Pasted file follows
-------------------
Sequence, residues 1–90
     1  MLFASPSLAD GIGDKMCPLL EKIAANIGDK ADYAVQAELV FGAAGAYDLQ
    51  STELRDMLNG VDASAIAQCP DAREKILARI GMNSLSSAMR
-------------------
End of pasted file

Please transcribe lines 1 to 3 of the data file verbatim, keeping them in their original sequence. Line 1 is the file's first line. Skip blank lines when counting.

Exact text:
Sequence, residues 1–90
     1  MLFASPSLAD GIGDKMCPLL EKIAANIGDK ADYAVQAELV FGAAGAYDLQ
    51  STELRDMLNG VDASAIAQCP DAREKILARI GMNSLSSAMR